Decided on March 20,1968



- (1.) Two illegalities or irregularities in the order of the Trial Court have been pointed out in this reference by the Sessions Judge.
(2.) The first is that the arrears of property tax mentioned in the complaint was Rs. 490.83 p., whereas the actual amount due was only Rs. 445.04 p. The Sessions Judge seems to think that this mistake has gone to the root of the matter, and has therefore, vitiated the prosecution. When the mistake was discovered by the municipality, an application was made for amending the complaint; and after hearing both sides, the complaint was amended also. I fail to see how this mistake has gone to the root of the matter and thus vitiated the prosecution. Evidently, the Sessions Judge has lost sight of S.398 of the Kerala Municipalities Act of 1960, wherein it is provided, inter alia, that no charge imposed under the authority of the Act shall be impeached or affected by reason of any clerical error or by reason of any mistake in respect of the amount charged, provided that the provisions of the Act have been in substance and effect complied with. There is no doubt that the provisions of the Act have in substance been complied with in this case. I may point out that no prejudice has also been caused to the respondent as a result of this mistake which has been corrected by the amendment. It may further be noted that the respondent took an adjournment on the first hearing date to pay the amount; and if she paid the correct amount and pointed out he mistake, the prosecution would have even been withdrawn. Instead of that, she decided to contest the case.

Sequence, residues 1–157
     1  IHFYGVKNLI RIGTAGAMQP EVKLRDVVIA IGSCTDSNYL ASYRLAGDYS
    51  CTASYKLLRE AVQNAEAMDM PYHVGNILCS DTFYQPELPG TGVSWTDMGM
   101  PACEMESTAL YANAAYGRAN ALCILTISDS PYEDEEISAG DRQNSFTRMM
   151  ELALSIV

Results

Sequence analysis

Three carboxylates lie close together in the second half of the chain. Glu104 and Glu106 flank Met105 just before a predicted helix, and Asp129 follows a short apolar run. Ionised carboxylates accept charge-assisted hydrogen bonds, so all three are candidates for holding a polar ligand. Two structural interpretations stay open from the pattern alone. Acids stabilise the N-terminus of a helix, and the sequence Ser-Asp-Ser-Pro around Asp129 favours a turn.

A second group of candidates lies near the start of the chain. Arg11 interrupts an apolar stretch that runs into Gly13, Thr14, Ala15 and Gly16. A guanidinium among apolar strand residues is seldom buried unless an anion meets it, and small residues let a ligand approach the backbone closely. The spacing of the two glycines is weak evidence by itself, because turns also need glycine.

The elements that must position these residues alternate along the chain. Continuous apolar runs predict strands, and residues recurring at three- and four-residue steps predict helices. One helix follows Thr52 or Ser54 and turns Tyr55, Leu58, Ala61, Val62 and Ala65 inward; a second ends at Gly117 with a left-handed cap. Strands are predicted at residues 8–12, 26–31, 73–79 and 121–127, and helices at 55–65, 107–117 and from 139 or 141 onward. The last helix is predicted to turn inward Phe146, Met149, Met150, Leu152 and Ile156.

(3.) The next irregularity or illegality pointed out by the Sessions Judge is that the municipality did not make efforts to see whether the respondent had movables within the municipality or outside, which could have been distrained before the prosecution was started. In support of this position, the Sessions Judge has relied on two decisions of this Court by Anna Chandy J. in R. W. Rose v. Daniel ( 1963 KLT 10 ) and Municipal Council, Makara (Mavelikara) v. Abraham ( 1964 KLT SN 13 ). The first case was under the Cochin Municipalities Act; and therefore, that decision cannot straightaway be applied to the present case. The second case appears to be under the Kerala Municipalities Act. But, that decision does not contain any reasoning: it appears to have merely followed the earlier decision of the same Judge. R.36 of the Taxation and Finance Rules in Schedule 2 of the Act lays down that the property of a person in default under sub-r.1 of R.32 may be distrained, wherever it may be found within the municipality. (Schedule 2 has been made part of the Act by S.150 of the Act). This rule clearly shows that the distraint in be effected only of movables found within the municipality It is also only reasonable to think that this power must be confined to the boundaries of the particular municipality; and it does not appeal to reason that the Trivandrum Municipality at the south must go and attach the movables within the Kasaragod Municipality on the north! (I am not expressing any opinion whether the position is really different under the Cochin Act and whether there is any rule there similar to R.36 of the Kerala Act. At any rate, the position under the Kerala Act is obviously clear.) Therefore, there was no responsibility on the part of the municipality to have made enquiries to see whether the respondent had movables outside the municipality. The only responsibility was to see whether the respondent had movables within the municipality and distrain them; and if the municipality launched the prosecution without being satisfied that the respondent had no movables within the municipality to be distrained, the prosecution would have to be quashed.;

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